Well-Intentioned Biofuel Bill Could Cause More Harm Than Good

For Immediate Release

Contact: 

Matthew Cain, 202-222-0751, mcain@foe.org; Nick Berning, 202-222-0748, nberning@foe.org

Well-Intentioned Biofuel Bill Could Cause More Harm Than Good

WASHINGTON - Last week, Senator James Inhofe (R-Okla.) introduced a bill that would allow states to opt out of the Renewable Fuel Standard’s mandate for corn ethanol production if they produce “next-generation biofuels” instead.

The existing RFS requires 36 billion gallons of biofuels to be consumed in the U.S. annually by 2022. Of the 36 billion gallon requirement, the law allows 15 billion gallons to be met with corn ethanol and requires the rest to come from “advanced” biofuels. According to this law, 16 billion gallons must to be produced from cellulosic materials.

The Inhofe bill seeks to change the 16 billion gallon mandate for cellulosic ethanol to a mandate that can be filled with any non-ethanol fuel that achieves a 60 percent lifecycle reduction in greenhouse gas emissions compared to gasoline. By opening the definition of cellulosic to include any type of non-ethanol fuel, Sen. Inhofe’s bill removes the incentive to develop technologies that utilize the most sustainably sourced feedstocks.

For example, non-ethanol biofuels produced from sugar are likely to qualify as a “next-generation biofuel” as the bill currently defines it. Practically speaking, if made law, this bill could allow for the RFS mandate to be met with 36 billion gallons of biofuel produced from sugarcane, such as sugar biobutanol.

The expansion of sugar plantations in Central and South America for biofuel production has been a primary cause of “land grabs” in the region. Land grabbing is what occurs when foreign entities purchase large swaths of land in other countries, as well as when peasant farmers are forcibly removed — either by military forces or by corporate thugs — from land that they occupy for subsistence farming. As global demand for farmland increases as a result of mandates and subsidies for biofuels, land grabbing is becoming more and more common.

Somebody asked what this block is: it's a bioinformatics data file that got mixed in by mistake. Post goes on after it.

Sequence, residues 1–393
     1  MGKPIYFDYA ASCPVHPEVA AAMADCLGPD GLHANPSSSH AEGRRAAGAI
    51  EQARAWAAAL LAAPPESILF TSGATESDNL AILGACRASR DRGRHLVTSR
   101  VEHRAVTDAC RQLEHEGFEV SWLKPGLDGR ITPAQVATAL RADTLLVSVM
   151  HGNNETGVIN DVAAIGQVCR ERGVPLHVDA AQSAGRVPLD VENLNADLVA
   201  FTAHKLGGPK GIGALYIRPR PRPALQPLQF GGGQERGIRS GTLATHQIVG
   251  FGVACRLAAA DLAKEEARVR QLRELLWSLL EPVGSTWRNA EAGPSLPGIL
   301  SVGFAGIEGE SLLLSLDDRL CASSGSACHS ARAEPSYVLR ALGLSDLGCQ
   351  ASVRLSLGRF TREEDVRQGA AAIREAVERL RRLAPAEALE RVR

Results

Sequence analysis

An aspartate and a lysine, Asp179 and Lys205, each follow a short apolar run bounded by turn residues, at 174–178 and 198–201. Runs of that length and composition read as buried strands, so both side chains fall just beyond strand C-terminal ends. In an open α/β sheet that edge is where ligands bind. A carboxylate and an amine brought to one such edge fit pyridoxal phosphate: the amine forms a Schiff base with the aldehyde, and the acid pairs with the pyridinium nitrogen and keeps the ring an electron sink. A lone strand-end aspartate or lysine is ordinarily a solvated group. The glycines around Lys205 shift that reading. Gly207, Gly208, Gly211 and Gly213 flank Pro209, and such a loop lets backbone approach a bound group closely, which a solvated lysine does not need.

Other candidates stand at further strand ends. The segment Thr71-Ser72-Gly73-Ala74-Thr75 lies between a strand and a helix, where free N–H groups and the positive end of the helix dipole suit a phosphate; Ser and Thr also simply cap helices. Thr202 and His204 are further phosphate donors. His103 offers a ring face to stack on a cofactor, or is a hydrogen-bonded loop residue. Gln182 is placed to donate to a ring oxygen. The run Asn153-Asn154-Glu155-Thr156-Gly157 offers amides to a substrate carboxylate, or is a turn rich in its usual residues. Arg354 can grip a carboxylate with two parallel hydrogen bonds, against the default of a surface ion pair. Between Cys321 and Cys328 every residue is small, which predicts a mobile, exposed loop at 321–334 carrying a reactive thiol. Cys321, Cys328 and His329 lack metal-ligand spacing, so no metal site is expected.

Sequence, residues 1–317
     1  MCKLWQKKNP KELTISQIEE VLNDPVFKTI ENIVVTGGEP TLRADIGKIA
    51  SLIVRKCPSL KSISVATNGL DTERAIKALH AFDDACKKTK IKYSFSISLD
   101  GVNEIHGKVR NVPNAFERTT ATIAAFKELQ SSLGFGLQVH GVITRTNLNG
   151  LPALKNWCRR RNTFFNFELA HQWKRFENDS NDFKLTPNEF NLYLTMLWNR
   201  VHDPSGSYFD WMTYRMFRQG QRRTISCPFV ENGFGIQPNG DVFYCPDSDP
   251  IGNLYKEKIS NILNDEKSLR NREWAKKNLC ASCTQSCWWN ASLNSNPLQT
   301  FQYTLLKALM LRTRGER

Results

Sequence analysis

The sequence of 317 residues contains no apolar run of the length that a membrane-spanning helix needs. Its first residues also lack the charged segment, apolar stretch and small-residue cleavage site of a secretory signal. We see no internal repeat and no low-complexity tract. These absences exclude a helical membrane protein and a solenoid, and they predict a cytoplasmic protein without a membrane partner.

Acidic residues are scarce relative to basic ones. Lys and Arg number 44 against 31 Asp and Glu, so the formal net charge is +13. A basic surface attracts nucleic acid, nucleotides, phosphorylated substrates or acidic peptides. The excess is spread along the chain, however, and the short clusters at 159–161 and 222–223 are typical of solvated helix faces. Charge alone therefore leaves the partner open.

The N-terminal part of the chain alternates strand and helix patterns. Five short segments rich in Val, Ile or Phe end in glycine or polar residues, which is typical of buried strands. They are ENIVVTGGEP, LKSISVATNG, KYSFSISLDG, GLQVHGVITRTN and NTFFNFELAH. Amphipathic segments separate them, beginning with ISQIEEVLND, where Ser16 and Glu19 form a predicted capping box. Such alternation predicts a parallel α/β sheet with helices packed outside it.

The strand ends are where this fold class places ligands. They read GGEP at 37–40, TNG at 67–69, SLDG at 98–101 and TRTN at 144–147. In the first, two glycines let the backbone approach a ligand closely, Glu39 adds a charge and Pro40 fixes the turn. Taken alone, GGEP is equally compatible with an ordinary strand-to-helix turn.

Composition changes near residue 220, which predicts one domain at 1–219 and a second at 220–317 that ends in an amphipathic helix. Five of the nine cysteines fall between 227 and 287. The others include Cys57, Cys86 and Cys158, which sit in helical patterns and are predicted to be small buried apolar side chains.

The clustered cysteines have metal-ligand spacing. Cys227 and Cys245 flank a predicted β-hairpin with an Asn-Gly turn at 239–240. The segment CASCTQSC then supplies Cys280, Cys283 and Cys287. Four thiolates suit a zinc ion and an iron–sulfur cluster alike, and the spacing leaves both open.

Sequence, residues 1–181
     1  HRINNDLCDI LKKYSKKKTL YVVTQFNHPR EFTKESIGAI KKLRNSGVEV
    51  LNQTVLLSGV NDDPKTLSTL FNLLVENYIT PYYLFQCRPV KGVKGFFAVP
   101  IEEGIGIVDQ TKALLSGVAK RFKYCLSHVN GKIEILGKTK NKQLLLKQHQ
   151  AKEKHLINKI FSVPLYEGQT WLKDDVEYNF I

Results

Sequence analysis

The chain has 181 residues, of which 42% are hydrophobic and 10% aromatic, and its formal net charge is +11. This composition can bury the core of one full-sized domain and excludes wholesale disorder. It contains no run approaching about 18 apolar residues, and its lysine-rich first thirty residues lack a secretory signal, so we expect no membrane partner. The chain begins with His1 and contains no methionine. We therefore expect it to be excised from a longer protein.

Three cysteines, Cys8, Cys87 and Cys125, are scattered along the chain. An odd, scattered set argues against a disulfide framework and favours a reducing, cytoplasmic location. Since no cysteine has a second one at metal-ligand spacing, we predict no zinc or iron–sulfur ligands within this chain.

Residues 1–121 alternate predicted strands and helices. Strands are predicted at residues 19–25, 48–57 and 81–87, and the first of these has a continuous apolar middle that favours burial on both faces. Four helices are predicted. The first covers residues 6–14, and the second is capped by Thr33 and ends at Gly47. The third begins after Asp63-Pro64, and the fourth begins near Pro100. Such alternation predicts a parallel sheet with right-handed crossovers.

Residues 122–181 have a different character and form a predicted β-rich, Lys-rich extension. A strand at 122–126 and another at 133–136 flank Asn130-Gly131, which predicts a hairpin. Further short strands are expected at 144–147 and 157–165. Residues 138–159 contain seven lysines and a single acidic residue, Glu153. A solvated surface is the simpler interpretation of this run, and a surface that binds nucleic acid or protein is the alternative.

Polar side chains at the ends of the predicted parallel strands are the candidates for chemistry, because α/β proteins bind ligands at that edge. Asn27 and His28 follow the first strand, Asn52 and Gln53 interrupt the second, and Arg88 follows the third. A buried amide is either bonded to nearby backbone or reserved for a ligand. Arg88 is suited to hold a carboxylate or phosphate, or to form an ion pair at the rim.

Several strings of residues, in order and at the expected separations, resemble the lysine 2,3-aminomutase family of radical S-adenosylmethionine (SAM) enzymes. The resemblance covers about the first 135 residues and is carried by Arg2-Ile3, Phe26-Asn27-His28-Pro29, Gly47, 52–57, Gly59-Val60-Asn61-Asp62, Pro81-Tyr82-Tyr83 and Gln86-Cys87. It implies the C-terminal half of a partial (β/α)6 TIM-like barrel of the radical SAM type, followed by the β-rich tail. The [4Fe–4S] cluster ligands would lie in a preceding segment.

Kate McMahon, Friends of the Earth’s biofuels campaign coordinator, had the following response:

“Friends of the Earth is pleased that Sen. Inhofe recognizes the pitfalls of corn ethanol production, but the senator’s willingness to ignore what could be devastating impacts on peoples in the Global South is unfortunate. The wasteful consumption of energy in the U.S. should not take place at the expense of communities in the South. Sen. Inhofe’s bill could create a mandate for 36 billion gallons of sugar biofuel.”

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Friends of the Earth is the U.S. voice of the world's largest grassroots environmental network, with member groups in 77 countries. Since 1969, Friends of the Earth has fought to create a more healthy, just world.

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